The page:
Channel 4 was always going to struggle to emulate the success of its own iconic early-morning show, The Big Breakfast, but how did it go so badly wrong? Glen Mutel analyses the channel's early-morning woes.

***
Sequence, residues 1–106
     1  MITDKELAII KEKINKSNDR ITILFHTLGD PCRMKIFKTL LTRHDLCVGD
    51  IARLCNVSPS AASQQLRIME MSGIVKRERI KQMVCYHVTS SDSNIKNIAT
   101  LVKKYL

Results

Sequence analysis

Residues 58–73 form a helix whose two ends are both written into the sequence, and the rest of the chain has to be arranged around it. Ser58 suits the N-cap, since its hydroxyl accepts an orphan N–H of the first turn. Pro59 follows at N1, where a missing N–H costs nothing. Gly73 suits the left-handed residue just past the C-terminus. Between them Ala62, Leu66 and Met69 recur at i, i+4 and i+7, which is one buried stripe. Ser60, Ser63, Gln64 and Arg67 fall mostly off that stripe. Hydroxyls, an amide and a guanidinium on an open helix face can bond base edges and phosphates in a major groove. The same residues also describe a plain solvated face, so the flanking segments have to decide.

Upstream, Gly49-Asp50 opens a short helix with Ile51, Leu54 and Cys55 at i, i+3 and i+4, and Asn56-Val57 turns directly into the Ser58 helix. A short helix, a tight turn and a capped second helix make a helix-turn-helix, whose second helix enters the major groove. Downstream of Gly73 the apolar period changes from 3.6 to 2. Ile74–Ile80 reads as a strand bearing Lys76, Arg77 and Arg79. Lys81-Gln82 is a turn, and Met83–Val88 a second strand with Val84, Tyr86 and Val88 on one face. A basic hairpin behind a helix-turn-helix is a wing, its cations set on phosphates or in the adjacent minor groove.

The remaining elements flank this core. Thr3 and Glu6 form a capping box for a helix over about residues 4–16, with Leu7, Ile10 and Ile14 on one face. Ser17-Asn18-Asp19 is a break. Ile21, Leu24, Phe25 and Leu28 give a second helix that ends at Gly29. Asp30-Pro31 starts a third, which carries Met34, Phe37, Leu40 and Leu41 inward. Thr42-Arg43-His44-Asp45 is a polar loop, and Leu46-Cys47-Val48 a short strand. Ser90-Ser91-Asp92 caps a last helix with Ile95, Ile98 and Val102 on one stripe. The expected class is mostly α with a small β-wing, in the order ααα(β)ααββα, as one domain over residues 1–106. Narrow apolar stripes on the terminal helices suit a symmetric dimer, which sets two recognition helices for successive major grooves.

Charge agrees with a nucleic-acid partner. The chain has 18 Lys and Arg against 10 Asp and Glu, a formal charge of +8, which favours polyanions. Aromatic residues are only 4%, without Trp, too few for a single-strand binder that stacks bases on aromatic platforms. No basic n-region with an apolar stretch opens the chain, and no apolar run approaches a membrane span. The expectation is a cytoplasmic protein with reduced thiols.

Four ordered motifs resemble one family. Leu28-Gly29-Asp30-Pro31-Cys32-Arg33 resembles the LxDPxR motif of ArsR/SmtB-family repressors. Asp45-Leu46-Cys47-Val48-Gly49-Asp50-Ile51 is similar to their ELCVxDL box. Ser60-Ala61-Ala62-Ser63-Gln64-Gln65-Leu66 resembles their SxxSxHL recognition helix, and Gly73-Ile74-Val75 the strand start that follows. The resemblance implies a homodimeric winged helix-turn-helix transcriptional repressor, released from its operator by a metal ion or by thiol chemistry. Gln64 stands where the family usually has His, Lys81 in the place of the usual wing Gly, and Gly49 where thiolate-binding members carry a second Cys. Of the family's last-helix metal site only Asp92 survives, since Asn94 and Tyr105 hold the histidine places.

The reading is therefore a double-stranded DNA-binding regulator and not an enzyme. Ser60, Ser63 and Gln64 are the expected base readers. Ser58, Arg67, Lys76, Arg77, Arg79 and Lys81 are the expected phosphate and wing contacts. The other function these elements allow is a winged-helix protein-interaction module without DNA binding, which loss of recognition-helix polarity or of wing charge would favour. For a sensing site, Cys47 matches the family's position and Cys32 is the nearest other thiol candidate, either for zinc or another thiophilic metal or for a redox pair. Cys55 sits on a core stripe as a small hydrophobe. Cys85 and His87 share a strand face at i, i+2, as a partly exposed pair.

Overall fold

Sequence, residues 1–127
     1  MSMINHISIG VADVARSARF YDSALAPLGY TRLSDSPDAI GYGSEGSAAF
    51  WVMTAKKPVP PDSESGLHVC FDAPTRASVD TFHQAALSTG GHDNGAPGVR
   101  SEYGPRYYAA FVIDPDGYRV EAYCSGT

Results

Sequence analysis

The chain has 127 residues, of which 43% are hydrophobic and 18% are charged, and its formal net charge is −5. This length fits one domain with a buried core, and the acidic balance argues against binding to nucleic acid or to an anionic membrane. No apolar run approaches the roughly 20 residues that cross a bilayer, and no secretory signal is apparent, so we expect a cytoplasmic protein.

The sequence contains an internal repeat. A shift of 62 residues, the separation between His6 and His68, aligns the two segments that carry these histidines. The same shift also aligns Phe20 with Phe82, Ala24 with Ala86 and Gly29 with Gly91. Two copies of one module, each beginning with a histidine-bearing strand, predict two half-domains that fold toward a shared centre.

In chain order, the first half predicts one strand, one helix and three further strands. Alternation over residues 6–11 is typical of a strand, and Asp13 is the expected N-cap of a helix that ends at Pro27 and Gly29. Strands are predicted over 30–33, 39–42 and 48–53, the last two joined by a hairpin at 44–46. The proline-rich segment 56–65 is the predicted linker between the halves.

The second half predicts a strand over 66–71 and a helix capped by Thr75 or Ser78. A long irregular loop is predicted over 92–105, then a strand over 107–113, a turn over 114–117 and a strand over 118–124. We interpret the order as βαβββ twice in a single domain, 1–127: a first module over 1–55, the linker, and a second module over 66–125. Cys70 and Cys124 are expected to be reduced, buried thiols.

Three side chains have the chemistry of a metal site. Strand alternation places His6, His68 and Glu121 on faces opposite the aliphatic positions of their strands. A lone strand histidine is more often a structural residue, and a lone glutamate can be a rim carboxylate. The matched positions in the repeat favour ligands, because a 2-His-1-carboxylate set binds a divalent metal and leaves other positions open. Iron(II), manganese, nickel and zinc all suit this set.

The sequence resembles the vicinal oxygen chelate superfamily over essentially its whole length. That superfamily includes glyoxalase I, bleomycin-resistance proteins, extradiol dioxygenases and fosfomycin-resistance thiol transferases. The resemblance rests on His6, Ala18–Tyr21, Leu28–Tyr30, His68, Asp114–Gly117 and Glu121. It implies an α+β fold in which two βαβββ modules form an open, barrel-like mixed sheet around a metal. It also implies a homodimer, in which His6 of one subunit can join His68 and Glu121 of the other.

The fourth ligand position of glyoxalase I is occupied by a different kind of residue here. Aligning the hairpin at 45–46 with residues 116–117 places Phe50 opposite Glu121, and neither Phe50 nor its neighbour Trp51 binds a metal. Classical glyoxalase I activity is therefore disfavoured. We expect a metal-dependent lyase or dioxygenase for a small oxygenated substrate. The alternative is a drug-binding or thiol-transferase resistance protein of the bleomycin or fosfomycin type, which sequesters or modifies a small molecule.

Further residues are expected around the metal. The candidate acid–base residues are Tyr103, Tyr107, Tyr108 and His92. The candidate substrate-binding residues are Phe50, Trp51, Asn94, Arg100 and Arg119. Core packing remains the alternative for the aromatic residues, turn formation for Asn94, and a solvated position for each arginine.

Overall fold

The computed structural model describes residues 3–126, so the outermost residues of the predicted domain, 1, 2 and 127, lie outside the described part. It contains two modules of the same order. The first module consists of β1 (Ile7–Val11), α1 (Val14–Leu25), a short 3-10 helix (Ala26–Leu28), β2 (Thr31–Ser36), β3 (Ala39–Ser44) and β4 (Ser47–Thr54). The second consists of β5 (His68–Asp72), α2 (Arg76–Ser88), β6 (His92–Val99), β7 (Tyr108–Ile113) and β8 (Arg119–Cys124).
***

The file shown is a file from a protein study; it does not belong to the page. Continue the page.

Live breakfast television shows are troublesome things. They're long, expensive, hard to get right and they're placed under immense scrutiny.It makes you wonder why broadcasters bother with them at all.Well, from January, Channel 4 won't be bothering. Its current morning show, Princess Productions' Rise, is limping towards its conclusion and C4's new director of television, Kevin Lygo, has decided that finding a permanent replacement is not an immediate priority, perhaps because there is no immediate answer. As a holding strategy, C4 will fill the 07.00 to 09.00 breakfast slot with repeats of both Friends and reality show The Salon, alongside a new run of US comedy Everybody Loves Raymond.C4 sources claim the broadcaster is keeping its options open but if the formula proves successful, it may become a long-term solution. And with nine series of Friends and (from quarter three) old episodes of The Simpsons, C4 will have plenty of appetising fare to serve up in the breakfast slot.But even if Lygo eventually opts for a new alternative, it will not share the live two-hour format of Rise or its predecessor The Big Breakfast, despite the latter serving it so well throughout the 1990s.During its 10-year run, The Big Breakfast pulled in an audience of up to 1.4 million, thanks largely to two charismatic double acts - Chris Evans and Gabby Roslin and Johnny Vaughan and Denise Van Outen.By contrast, the viewing figures for Rise plummeted to 161,000 in the spring of this year. Throughout the first half of 2003, it was regularly outperformed by Five's children's offering Milkshake. It has recently rallied, gaining an average audience of 338,000 in November, but this hasn't spared it the chop.So what went wrong? "When C4 got rid of The Big Breakfast, it convinced itself it had solved the problem by inviting tenders," explains one source close to the pitching process. "The whole thing was higgledy-piggledy and they ended up with Rise, which by the time it came to air didn't seem to have a key selling point. It looked derivative from day one."Some argue that by the time The Big Breakfast ended its run, its format had lost its relevance. Ed Forsdick is managing director of Planet 24, the independent that produced the show. He says: "Twelve years ago you had to get everything in the morning from a one-stop shop. The situation is different today. Morning radio shows are getting better and you're also now competing with multichannel."Yet although radio is attracting bigger names and bigger salaries, it is not achieving the correspondingly bigger audiences. While some breakfast radio presenters - notably Radio 2's Terry Wogan - have seen their listening figures rise dramatically in the past three years, overall breakfast radio audiences are stagnant. According to the Radio Advertising Bureau, 38.3 million listeners tuned into morning radio in quarter three this year, compared with 38.8 million in 2001.However, C4's battle for the 16 to 34-year-old audience looks set to intensify. Radio 1 is hoping to give its audience figures a boost by placing Chris Moyles in the breakfast hot seat, replacing Sara Cox, while Johnny Vaughan is taking over Chris Tarrant's tenure at Capital in a£1.5m deal.And Emap, keen to hang on to breakfast host DJ Bam Bam, renewed his contract for a cool£1m.Rather than radio, it seems that C4 has been hit hardest by multichannels which are providing new alternatives at breakfast, particularly for parents and children, previously a key audience for The Big Breakfast on C4, as it wrapped around the Banana Splits.A former breakfast show executive explains: "Mothers can sit their three-year-olds in front of dedicated children's channels now. It means that the mum and kid audience that was the mainstay of The Big Breakfast is no longer there."Indeed, apart from a dip to 26.1% last summer, multichannel breakfast TV has maintained over 35% share of viewing since 2001. Multichannel achieved its second-highest share of 42.2% in April this year and last month stood at 38.7%, according to Barb figures. And this year, the combined audience for the BBC's two children's digital channels was 140,000 at breakfast, up 14%.However, multichannel has not had the same detrimental affect on the breakfast offerings of other terrestrials. Five has steadily grown share with its kids output, from 3.6% in January 2001 to 6.2% last month. BBC Breakfast averages a healthy audience of 1.2 million viewers, with share averaging around 26%, while GMTV's audience share has risen steadily since 2001, peaking at 1.6 million last September with an average share of 29%.This may be partly due to what is commonly known as the "Baghdad Bounce" - a new generation of viewers who got hooked on morning TV during the Iraq war. GMTV managing director Paul Corley says: "Breakfast TV is alive and well. It's one of the small parts of the TV schedule that's putting on viewers."Richard Porter, editor of the BBC's Breakfast, adds: "Both us and GMTV have managed to increase our figures, although some of that is due to C4's problems. Also, multichannel posed a bigger threat to C4 than it did to us."C4 head of commercial marketing research Hugh Johnson says that The Big Breakfast brought people to morning television, adding: "Ideally, we would like another Big Breakfast. But Rise wasn't performing, and if repeats of Friends can deliver a bigger audience of 16 to 34-year-olds it will work to our advantage."Some will argue that screening Friends in the morning is another example of C4 deserting its commitment to innovation. As one industry source puts it, "Big Breakfast became a programme that was emblematic of the channel and bolstered its schedule. But maybe C4 decided it can't be C4 in that time slot any more."Lygo may well surprise us and come back with something bold and innovative for breakfast later in 2004. And while the channel's current strategy may smack of caution, no one would thank him for cobbling together a hasty replacement for Rise only to fail spectacularly once again.As Forsdick concludes: "I think all it needs is a break. There's a new regime at C4 and this decision means it doesn't have to worry about breakfast for a while. It's the logical and sensible thing to do."